With an addict in the family, giving up is never an option

Addiction brings a devastating chaos to the family. Answers and solutions are very hard to come by. However, never giving up and fostering the hope of a good outcome are key navigating through the recovery process.

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  • “Never, never, never, never, never, never, never, never give up!” is the complete text of a speech that Winston Churchill once delivered to students of his childhood boarding school. Never to the 8th power is profound counsel. However, when faced with the realities and struggles that a son’s battle with addiction brings into a family, that advice is not always easy to heed — but it is necessary!

  • A parent's story about a son's addiction

  • Sam and Aleatha’s son began to use and abuse drugs when he was only 11 years old. Still, he was very good at it. Happy to use “whatever he could get his hands on,” he would eventually become known as a heroin addict and dealer.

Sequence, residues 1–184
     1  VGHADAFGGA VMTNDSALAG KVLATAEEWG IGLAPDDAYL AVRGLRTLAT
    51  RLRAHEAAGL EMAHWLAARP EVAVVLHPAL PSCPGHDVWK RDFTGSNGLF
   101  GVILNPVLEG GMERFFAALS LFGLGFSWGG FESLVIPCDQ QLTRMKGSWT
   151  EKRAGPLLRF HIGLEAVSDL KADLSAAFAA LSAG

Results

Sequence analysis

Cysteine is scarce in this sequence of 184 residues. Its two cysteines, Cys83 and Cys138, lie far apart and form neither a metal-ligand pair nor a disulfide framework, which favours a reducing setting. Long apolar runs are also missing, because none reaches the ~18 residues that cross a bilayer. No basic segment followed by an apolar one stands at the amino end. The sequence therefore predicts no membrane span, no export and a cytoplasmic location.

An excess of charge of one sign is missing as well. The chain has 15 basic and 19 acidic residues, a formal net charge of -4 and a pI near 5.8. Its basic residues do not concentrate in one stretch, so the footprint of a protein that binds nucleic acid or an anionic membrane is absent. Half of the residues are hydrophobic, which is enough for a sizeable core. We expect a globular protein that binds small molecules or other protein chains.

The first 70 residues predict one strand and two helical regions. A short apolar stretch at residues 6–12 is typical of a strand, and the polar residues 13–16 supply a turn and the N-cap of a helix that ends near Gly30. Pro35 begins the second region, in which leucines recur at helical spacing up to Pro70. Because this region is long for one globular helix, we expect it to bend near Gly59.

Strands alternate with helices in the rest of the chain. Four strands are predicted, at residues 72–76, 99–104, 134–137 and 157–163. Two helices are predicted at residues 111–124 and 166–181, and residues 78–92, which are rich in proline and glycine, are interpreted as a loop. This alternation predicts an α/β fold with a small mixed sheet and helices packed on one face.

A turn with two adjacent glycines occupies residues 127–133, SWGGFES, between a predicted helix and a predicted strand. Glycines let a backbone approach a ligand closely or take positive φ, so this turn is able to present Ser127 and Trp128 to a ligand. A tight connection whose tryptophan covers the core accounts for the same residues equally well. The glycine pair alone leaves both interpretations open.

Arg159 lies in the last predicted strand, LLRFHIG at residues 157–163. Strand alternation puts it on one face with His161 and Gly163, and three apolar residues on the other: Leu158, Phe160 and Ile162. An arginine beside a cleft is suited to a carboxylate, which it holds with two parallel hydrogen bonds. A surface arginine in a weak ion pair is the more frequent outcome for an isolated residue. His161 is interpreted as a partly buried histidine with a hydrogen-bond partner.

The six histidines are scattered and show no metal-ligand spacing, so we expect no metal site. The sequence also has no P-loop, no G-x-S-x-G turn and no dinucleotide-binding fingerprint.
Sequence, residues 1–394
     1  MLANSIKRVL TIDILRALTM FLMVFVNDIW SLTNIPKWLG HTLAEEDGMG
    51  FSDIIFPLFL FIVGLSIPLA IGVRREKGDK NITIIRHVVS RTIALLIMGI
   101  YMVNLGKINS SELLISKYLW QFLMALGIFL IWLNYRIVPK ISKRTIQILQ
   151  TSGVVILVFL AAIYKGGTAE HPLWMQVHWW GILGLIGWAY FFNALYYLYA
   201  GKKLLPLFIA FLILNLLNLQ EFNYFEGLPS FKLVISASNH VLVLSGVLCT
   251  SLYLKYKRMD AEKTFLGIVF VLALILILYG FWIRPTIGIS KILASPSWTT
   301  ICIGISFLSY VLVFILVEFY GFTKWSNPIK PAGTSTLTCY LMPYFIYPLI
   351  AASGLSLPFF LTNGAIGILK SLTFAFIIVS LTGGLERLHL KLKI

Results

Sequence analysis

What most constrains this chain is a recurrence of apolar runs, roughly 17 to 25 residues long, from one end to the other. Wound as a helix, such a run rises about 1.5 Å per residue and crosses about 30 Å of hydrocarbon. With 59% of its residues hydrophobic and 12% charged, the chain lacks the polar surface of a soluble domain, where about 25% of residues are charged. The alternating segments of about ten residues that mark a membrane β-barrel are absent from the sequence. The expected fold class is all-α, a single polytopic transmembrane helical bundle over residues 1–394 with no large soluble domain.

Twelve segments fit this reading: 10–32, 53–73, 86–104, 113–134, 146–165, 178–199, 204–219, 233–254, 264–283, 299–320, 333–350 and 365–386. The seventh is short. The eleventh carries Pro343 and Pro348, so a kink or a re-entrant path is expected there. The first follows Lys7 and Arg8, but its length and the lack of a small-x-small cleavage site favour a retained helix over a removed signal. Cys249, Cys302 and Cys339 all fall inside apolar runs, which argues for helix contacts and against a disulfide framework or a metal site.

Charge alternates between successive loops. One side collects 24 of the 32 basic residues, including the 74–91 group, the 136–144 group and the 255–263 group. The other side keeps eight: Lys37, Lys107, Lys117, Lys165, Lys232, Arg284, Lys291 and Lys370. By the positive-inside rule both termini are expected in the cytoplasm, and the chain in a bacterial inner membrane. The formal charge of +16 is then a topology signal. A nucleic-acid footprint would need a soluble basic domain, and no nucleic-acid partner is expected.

• It is difficult to understand the implications that a child's addiction would have on a family unless you have been there. Start with thinking that your son was dying from an overdose, and it wasn’t the first time. Or maybe middle-of-the-night visits from the police looking for your son. Your son’s friends dying from an overdose or the lucky ones that only got sent to prison. And of course the unending lying, defiance and just plain chaos. He gave his parents no reason to believe that his story would have a happy ending.